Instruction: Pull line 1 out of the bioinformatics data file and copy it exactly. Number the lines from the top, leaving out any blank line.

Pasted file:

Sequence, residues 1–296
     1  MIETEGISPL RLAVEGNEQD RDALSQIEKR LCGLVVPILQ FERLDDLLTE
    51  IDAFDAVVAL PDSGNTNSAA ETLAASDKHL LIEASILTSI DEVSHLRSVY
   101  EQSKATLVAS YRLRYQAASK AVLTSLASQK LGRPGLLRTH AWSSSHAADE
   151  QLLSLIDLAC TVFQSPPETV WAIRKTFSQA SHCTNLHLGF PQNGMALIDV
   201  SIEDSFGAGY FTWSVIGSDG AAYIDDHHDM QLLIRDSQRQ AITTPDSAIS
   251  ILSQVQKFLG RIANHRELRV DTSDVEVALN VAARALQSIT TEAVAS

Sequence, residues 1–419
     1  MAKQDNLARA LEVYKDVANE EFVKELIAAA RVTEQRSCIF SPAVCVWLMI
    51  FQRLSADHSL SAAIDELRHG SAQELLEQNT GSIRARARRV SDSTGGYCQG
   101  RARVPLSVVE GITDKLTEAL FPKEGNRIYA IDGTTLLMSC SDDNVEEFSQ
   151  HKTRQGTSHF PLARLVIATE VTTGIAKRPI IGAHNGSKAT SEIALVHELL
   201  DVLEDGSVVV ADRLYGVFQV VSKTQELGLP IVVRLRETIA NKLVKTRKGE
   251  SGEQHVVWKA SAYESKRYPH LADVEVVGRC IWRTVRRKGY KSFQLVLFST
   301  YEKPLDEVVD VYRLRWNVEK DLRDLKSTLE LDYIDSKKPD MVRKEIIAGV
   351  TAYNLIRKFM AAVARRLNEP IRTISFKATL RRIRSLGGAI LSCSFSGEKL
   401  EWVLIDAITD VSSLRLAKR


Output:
Sequence, residues 1–296